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Post Re: NASA Omega Algae Project
A new paradigm for climate stability.

Transforming carbon into useful products is superior to emission reduction as a method to stabilise the global climate. Rather than reduce the amount of carbon emitted into the atmosphere, the focus should be on how this carbon can be mined as a market commodity. This approach means that the fossil fuel economy can become compatible with a stable climate. Like any other product, carbon now seen as waste can be turned into a resource for recycling.

We now have two competing old paradigms, both of which are unscientific. The fossil fuel paradigm ignores global warming. The emission reduction paradigm ignores the economy. We need to put these paradigms together to get a new one, through an economic method to remove carbon from the air and sea. The requirement to achieve this new paradigm is a method to transform carbon dioxide and waste methane into useable products at a scale sufficient to reduce carbon level in the air.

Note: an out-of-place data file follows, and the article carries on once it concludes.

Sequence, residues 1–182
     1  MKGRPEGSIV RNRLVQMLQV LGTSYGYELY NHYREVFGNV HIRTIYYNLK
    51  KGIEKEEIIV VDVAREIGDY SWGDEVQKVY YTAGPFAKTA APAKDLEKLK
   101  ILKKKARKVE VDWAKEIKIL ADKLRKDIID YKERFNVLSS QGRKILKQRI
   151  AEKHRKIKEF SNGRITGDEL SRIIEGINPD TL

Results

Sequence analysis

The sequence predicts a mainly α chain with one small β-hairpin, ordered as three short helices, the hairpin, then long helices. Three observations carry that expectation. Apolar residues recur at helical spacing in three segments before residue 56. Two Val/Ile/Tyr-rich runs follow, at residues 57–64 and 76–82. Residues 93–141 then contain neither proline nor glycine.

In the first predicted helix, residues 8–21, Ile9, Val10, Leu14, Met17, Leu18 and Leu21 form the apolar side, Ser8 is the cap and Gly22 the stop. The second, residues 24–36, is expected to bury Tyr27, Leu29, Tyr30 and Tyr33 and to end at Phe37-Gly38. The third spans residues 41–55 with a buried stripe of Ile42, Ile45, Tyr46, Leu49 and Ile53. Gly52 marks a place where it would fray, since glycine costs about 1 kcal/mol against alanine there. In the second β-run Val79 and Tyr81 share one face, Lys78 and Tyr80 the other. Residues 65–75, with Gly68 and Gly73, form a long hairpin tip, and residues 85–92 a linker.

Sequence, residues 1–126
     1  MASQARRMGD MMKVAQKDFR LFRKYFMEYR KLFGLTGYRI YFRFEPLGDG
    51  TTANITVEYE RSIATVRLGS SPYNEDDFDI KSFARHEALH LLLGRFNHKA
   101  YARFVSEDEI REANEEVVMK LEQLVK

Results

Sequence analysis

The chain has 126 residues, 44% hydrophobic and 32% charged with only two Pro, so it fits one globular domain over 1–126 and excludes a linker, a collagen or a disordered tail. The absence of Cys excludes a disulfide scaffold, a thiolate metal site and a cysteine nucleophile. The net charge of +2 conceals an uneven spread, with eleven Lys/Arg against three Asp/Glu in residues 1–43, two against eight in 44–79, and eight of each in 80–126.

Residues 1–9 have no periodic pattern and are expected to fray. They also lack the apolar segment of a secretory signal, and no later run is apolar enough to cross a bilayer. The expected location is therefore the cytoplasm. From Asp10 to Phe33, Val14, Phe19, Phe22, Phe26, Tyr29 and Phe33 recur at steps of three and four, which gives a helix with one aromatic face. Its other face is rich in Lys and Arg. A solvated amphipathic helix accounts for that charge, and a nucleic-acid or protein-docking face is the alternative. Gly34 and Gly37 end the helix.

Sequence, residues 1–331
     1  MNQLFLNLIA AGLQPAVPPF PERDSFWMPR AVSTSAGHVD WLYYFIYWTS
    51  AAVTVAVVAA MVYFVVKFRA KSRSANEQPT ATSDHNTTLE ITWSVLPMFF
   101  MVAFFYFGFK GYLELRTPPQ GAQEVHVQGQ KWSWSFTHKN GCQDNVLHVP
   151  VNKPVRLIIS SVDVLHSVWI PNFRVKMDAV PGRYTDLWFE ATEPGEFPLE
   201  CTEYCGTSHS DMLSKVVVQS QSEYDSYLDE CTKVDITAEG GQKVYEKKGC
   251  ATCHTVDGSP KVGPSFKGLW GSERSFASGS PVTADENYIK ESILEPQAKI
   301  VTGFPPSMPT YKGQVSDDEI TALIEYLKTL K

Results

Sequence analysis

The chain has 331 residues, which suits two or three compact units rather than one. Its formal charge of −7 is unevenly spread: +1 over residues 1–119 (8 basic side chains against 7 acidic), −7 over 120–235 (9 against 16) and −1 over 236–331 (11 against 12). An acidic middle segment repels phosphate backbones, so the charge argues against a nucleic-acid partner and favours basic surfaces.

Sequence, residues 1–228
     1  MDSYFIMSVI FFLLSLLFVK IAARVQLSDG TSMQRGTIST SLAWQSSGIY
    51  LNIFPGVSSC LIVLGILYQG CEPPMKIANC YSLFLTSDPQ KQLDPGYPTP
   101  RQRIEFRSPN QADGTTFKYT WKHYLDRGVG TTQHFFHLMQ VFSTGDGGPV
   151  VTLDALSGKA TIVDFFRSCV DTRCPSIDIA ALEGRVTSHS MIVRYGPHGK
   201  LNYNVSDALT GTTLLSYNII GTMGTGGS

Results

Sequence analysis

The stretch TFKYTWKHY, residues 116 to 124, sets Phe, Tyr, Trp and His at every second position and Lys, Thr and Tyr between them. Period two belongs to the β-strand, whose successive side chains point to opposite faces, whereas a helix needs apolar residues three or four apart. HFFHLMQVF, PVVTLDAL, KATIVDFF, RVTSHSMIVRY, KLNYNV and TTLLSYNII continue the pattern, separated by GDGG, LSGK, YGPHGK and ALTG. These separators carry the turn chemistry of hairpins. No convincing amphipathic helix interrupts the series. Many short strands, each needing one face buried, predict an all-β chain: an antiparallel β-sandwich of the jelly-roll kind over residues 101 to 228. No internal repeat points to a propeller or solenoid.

The best, and possibly only, way to turn waste carbon into useful products is to mimic how hydrocarbons occurred in nature. Algae falling to the bottom of shallow seas was heated and pressurised over millions of years, gradually converting carbon dioxide into hydrocarbons. Industrial technology can replicate this process in ways that are rapid and commercially profitable.

A description of possible methods is at this presentation on Ocean Forest Cultivation in Pacific Island Countries - Environmental and Economic Benefits and Strategies given at the Australian National University in June 2014.


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Last edited by Robert Tulip on Thu Oct 23, 2014 6:28 am, edited 1 time in total.